Pulmozyme

Pulmozyme is often prescribed to help improve lung function in people with cystic fibrosis. It is a synthetic version of a naturally occurring human enzyme called deoxyribonuclease I. The drug works by breaking down the extra DNA that often causes sputum to become thick. As a result, lung function is improved. Side effects of Pulmozyme include voice changes, sore throat, and runny nose.

What Is Pulmozyme?

Pulmozyme® (dornase alfa) is a prescription medication used to improve lung function in people with cystic fibrosis (CF).
 
(Click Pulmozyme Uses for more information, including possible off-label uses.)
 

Who Makes Pulmozyme?

The medication is made by Genentech, Inc.
 

How Does It Work?

Pulmozyme is a manufactured version of a naturally occurring human enzyme called deoxyribonuclease I. This enzyme breaks down deoxyribonucleic acid (DNA), particularly DNA found outside of cells. Research has shown that the fluid in the airways of people with cystic fibrosis has too much DNA, usually caused by the breakdown of cells that are fighting lung infections. This DNA causes the lung secretions (known as sputum) to become more thick, causing breathing problems with the infections. This becomes a problematic cycle, with infections causing more DNA, and more DNA causing more infections.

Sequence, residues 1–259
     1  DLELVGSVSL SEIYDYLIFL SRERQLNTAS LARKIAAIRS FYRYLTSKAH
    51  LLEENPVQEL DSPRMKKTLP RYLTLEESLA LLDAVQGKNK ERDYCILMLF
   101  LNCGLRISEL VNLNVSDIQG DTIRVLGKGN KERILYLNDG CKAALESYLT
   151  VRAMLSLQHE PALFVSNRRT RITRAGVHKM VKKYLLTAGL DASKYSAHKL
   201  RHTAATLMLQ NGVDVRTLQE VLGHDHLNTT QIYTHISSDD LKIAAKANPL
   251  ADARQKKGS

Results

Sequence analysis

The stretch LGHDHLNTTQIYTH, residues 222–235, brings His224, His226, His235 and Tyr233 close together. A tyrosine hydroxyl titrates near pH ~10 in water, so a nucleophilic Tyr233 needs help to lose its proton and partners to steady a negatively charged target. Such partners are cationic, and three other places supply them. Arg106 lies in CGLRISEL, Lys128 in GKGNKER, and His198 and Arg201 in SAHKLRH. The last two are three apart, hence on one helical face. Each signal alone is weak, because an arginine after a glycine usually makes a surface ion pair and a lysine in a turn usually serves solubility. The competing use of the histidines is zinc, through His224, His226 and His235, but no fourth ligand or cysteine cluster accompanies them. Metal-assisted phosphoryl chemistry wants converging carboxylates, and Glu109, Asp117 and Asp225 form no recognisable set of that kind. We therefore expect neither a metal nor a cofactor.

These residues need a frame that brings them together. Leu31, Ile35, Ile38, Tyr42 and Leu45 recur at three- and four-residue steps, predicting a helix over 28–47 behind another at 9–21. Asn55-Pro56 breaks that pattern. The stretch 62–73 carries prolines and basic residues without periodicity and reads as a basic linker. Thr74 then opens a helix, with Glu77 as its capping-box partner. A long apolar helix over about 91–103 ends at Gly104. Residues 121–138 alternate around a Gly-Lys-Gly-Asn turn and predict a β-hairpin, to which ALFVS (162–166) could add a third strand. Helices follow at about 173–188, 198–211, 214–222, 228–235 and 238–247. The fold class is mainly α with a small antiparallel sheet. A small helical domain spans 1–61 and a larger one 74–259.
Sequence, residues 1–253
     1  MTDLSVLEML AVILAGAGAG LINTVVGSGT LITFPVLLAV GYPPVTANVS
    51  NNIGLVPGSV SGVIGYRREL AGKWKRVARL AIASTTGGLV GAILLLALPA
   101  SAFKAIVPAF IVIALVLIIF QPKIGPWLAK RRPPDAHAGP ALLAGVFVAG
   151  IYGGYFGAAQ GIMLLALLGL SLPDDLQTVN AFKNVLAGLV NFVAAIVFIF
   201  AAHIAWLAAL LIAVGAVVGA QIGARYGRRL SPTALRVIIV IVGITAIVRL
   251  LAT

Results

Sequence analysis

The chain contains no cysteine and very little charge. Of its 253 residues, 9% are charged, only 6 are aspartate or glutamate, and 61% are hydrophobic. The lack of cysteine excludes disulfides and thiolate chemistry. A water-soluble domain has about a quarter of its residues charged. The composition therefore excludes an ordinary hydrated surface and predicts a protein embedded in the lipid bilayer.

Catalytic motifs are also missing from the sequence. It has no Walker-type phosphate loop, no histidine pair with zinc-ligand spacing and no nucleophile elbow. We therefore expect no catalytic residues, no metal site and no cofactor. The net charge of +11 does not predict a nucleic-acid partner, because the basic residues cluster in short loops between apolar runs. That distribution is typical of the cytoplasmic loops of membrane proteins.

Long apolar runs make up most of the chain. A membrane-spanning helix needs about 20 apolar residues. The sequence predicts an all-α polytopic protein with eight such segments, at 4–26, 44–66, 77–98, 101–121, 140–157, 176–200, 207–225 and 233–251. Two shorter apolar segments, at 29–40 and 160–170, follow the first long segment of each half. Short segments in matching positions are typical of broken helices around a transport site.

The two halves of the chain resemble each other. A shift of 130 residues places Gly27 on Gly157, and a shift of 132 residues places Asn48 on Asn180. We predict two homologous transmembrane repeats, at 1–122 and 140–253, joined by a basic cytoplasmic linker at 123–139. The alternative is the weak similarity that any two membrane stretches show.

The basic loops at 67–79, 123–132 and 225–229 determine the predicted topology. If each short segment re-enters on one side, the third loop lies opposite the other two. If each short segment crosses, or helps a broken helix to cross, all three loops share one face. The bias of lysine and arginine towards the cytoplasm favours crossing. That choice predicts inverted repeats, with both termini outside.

Pulmozyme works by breaking down this extra DNA, helping to thin the sputum. This, in turn, helps to improve lung function and decrease the risk of lung infections.
 

Effects

In studies, Pulmozyme decreased the risk of lung infections that required treatment with IV antibiotics by up to 29 percent. It also improved lung function, as measured by breathing tests. Studies suggest that the drug is more effective in younger people and is less effective in people with poor lung function.
 

Pulmozyme Drug Information

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